28. Main Competitors • Siemens • electronics and electrical engineering company • 6 groups:- Automation and Control, Information and Communications, Medical, Power, Transportation, and Lighting • provides industrial automation and control, information and communications, lighting, medical, power transmission, and transportation products and services • Headquarters in Munich, Germany • Subsidiaries headquartered in New York • Very similar to GE; strong brand name equity, has business operations in over 190 countries

  29. 5 Forces Model • Rivalry among competitors • ALSTOM and Siemens, in particular • Creating competitive advantages to gain bigger market share • Acquisitions, mergers and joint-ventures • Battle for innovation and technological improvements

  30. 5 Forces Model • Potential of New Entrants • Adaptac (1981) and Adept Technology (1983) • Late bloomers, but slowly gaining market share • Does not pose too much of a threat to GE, ALSTOM or Siemens for now • Tough for new entrants to pinch a sizable chunk of market share from GE, ALSTOM or Siemens

  31. 5 Forces Model • Suppliers • Materials, parts, components, other resources • Vertically integrated (GE Advanced Plastics, GE Consumer and Industrial Manufacturing) • Has to be aware of suppliers that might integrate forward

  32. 5 Forces Model • Substitutes • Has many substitutes that might pose a threat • Very well-diversified which means that GE is spreading the risk of failure in every market • Eg. GE’s NBC-Universal’s substitute are pirated VCD’s or DVD’s • Buyers • Similar to its substitutes, GE has a broad line of buyers, ranging from consumers to large corporations • Eg. GE Healthcare’s buyers are hospitals and pharmacies.

  33. Strategic Group Map

  34. Performance/Product Quality Product Range

  35. GE’s SWOT Analysis • Strengths • Global strength and recognition • 5th in Fortune 500 list, operating in more than 160 countries • Excellent management • Proven leadership and business model • Confident investors – raising capital • Diverse product range • Long Term (GE Aircraft engines) • Short Term (GE Lighting, Plastics, NBC) • Financial Services (contributes to 40% of GE’s revenue) • Spreading the risk of failure in every market and not just one

  36. SWOT Analysis • Weaknesses • Company size/ acquisition restriction • Eg. GE’s planned acquisition of Honeywell International, a diversified technology and manufacturing company, specializing in aerospace products, was rejected by the EU • Energy Segment • Underperforming, no signs of near future recovery • Flexibility • Large and diverse businesses might overstretch the company and reduce reaction times to shifts in targeted markets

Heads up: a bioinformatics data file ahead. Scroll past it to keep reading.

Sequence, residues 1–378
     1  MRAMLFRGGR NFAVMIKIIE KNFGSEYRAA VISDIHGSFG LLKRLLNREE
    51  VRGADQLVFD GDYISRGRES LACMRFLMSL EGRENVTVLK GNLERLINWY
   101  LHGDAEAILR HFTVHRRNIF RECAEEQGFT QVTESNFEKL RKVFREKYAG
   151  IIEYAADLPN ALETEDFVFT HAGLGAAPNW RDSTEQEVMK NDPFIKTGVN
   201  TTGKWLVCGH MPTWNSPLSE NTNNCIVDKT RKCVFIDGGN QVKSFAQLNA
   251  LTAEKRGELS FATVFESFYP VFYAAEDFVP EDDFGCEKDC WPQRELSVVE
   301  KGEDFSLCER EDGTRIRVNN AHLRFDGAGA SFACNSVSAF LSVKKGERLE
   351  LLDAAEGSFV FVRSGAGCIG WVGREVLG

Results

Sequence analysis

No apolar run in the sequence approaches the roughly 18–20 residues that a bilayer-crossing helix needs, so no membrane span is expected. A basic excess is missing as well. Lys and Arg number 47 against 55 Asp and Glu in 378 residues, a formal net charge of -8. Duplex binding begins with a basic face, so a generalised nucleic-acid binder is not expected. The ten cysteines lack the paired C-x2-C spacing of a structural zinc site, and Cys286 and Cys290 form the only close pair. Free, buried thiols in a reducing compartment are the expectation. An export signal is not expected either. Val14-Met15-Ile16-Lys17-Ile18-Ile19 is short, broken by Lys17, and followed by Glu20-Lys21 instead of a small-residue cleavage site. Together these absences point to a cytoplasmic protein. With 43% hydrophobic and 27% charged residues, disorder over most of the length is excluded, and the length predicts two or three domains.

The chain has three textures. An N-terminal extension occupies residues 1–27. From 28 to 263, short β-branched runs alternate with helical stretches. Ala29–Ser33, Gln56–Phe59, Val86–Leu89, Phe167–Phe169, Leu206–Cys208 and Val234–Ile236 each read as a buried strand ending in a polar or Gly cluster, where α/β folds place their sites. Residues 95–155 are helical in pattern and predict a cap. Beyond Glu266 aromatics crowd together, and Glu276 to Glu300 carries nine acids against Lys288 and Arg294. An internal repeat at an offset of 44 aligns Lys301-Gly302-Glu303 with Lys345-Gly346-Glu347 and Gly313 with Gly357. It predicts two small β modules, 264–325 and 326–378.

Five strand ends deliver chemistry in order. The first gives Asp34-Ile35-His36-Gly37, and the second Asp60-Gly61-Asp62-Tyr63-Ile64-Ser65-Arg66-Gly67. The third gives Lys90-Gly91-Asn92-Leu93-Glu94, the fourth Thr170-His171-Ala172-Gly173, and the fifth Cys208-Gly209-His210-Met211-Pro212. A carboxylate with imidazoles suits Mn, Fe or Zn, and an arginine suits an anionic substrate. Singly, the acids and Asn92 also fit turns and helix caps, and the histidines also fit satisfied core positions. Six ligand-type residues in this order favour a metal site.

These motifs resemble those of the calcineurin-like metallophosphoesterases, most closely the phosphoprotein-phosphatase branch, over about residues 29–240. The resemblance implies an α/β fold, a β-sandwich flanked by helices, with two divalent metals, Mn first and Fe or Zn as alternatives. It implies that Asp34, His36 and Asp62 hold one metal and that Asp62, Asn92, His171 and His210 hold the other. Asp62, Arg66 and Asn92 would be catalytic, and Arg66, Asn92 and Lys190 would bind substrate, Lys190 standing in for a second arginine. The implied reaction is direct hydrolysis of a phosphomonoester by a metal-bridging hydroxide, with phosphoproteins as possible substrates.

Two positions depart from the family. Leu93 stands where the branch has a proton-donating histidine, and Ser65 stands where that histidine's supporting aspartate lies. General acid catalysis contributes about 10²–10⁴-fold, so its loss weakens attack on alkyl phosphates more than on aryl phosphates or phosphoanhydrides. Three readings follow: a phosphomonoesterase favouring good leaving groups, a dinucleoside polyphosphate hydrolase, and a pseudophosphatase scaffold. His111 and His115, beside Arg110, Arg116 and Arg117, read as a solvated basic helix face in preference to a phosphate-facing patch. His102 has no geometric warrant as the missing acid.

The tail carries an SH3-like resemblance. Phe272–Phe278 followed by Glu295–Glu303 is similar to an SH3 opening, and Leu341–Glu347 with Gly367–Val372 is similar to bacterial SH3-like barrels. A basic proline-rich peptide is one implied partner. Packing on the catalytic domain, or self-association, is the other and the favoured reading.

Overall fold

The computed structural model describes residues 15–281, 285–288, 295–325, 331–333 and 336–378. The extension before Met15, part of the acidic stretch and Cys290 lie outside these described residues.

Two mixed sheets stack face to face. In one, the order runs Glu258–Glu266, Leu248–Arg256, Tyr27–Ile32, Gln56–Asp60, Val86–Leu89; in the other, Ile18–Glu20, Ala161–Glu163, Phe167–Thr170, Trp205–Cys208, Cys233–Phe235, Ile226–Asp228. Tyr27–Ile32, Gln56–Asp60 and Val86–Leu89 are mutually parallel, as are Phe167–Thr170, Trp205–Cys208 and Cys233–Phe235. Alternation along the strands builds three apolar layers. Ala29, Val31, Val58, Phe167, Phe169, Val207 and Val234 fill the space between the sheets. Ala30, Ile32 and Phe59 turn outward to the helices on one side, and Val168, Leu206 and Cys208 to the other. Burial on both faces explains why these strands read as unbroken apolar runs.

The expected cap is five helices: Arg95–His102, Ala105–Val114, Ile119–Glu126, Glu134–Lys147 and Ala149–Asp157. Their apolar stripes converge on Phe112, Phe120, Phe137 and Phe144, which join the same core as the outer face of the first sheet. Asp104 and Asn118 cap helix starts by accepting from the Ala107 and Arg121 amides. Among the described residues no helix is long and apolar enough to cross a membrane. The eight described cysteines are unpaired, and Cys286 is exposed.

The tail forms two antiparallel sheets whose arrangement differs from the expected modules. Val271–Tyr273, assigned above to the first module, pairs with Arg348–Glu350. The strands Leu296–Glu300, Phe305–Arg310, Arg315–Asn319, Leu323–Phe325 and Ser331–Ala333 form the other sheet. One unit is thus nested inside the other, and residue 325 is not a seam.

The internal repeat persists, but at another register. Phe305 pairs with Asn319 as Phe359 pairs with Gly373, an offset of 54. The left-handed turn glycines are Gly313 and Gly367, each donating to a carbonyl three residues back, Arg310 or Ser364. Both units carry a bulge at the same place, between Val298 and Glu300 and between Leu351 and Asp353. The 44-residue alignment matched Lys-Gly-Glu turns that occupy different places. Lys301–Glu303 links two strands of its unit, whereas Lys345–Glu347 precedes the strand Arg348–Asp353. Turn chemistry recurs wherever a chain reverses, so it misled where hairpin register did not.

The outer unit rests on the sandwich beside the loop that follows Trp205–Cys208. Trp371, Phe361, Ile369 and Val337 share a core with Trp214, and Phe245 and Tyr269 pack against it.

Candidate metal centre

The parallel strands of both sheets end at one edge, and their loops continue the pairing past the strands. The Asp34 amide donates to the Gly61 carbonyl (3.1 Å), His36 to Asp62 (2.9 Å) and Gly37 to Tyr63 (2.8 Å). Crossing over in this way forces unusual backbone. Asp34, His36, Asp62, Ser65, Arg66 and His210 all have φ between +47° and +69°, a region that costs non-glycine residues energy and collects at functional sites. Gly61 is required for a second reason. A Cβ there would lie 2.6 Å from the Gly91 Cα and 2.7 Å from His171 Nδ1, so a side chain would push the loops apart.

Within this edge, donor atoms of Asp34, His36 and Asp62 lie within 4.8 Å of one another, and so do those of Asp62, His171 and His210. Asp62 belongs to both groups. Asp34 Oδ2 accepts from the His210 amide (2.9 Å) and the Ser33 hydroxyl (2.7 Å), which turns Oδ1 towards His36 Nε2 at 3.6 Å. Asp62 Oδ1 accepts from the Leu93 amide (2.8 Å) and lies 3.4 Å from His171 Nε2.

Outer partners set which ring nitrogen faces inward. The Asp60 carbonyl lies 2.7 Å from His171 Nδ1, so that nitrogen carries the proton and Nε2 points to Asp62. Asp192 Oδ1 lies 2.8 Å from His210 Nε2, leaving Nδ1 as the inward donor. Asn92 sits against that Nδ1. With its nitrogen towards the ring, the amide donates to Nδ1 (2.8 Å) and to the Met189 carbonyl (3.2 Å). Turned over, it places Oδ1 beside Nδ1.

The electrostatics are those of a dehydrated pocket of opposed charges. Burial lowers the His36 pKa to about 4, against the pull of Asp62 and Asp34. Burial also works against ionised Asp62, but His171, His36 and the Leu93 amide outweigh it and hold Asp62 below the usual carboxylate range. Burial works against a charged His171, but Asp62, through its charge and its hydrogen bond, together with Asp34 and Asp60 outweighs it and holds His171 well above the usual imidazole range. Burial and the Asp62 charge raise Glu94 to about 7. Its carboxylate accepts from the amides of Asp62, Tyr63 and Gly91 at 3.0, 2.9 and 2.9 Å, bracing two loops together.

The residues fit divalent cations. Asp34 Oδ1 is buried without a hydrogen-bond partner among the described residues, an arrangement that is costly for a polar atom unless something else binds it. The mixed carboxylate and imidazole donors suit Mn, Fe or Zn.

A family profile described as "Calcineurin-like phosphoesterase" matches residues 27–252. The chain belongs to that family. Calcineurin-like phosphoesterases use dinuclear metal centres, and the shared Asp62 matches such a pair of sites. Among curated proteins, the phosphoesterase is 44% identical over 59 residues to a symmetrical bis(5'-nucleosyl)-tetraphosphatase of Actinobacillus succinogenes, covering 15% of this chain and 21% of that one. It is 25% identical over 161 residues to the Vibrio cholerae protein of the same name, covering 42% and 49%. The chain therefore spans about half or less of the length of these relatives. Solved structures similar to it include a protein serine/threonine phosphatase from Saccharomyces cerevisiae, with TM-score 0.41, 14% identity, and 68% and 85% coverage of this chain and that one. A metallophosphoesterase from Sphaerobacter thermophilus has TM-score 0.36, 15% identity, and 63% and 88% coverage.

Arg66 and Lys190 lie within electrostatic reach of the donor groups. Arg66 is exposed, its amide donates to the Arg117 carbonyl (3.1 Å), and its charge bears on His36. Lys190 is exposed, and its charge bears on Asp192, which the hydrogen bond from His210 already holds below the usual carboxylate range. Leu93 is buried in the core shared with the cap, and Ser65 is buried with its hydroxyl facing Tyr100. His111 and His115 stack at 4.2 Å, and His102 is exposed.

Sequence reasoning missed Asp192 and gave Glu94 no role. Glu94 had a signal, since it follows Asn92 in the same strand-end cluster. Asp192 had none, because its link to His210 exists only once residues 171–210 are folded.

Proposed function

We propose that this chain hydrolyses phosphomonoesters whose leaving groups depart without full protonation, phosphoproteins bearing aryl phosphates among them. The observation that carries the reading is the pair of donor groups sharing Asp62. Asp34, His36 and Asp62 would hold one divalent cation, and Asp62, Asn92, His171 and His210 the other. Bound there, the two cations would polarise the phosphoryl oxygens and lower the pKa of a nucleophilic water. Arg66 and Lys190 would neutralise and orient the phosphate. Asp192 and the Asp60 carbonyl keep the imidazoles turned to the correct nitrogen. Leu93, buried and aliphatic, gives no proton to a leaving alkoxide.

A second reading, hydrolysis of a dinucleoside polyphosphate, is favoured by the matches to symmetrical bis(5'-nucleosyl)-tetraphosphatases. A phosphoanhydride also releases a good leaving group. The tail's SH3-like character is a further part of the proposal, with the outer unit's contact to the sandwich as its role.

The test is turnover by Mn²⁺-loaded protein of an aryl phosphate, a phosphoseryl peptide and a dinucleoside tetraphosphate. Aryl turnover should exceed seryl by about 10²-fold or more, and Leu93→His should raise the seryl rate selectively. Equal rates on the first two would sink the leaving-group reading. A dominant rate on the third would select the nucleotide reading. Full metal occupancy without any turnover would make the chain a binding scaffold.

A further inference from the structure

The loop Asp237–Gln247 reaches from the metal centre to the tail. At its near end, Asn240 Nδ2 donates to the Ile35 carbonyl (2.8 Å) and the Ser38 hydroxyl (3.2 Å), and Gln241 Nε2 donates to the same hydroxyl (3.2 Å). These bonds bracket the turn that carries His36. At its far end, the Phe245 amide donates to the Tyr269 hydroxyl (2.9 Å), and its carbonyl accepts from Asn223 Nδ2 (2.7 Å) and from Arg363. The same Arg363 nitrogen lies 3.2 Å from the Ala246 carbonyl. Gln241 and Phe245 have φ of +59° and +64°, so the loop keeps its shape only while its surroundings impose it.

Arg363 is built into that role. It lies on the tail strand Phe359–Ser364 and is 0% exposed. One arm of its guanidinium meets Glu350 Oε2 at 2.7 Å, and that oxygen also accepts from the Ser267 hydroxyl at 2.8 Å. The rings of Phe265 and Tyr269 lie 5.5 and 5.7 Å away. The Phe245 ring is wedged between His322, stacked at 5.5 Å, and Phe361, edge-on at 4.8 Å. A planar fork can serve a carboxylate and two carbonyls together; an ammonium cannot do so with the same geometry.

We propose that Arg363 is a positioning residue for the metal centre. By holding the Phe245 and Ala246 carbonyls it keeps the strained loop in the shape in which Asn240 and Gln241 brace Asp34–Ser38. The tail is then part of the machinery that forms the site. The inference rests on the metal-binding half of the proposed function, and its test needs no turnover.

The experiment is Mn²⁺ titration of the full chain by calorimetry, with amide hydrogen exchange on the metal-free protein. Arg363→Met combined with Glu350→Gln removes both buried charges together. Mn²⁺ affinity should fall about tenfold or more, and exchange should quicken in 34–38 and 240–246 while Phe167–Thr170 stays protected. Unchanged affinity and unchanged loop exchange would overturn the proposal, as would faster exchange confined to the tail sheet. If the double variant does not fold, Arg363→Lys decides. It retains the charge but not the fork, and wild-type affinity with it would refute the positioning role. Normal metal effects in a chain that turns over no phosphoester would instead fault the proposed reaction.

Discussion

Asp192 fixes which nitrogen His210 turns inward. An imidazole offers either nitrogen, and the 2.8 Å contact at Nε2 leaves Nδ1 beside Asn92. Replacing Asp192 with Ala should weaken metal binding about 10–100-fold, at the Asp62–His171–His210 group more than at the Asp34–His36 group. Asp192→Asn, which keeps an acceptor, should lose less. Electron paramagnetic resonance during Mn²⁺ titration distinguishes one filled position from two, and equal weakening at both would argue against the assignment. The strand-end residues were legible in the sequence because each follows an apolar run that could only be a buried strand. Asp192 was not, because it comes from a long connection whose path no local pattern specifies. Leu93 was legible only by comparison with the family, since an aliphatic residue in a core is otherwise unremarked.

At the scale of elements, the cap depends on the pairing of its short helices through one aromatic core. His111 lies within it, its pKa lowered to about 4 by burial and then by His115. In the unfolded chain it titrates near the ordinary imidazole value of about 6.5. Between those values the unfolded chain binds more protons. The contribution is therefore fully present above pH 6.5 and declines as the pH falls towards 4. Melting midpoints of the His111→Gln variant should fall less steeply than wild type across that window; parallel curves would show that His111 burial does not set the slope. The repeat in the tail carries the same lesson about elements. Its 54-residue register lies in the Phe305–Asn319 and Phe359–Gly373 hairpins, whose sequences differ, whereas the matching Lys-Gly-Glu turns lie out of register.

37. SWOT Analysis • Opportunities • Research and Development • Immense capital allows GE to contribute a lot to R&D for product development and improvement • Increased geographic growth • Global expansion = more opportunities (Eg. China) • Merger between NBC and Vivendi • Further opportunities in the media business • Improved customer services • Adopted a new customer focus initiative

  38. SWOT Analysis • Threats • Exposure to global economy • Economy slowdown would affect GE, since 40% of the revenue is generated overseas • Exposed to currency fluctuations • Intense scrutiny after Enron • More transparency and disclosure; skeptical investors • Public image of all large companies suffered • Competition • Constant change in technology heats up competition • Very diverse:- tough to be the best in all industry

  39. Key Competencies • Competence • Great and proven leaders • Eg. Jeffrey R Immelt, Jack Welsh, Reginald H. Jones • Expertise • More capital can be invested in R&D • Core Competence • Innovative • Desire to strive for perfection (6 Sigma)

  40. Key Competencies • Distinctive Competence • Ability to respond to the drivers of change by understanding the important global trends • Acquisition of rivals and other companies

  41. Recent News • GE’s $900 million acquisition of InVision Technologies • March 15, 2004, GE made it public • September 16, 2004, FTC gave approval but deal is still not finalize

  42. Recent News • Advertising Campaign • Genworth, a financial company part of GE, has signed a 5 year contract to license the GE logo and use the slogan, “Built on GE heritage” • Genworth is planning to allocate $30 million into advertising this coming year

  43. Recent News • October 11, 2004, Senate passed a $136 billion corporate tax package that cuts taxes for businesses • Includes $76.5 billion in new tax relief for the manufacturing sector • Includes $42.6 billion in tax relief for multinational companies • Additional capital from the tax break could be used for reinvestment, increase dividends, etc

  44. Conclusion • GE recognizes that part of being successful and well-respected is being socially responsible as well • Has huge potential to remain successful without any major threats from competitors • “Staying Power” • Will only continue to expand

  45. Questions and Answers Session

More Related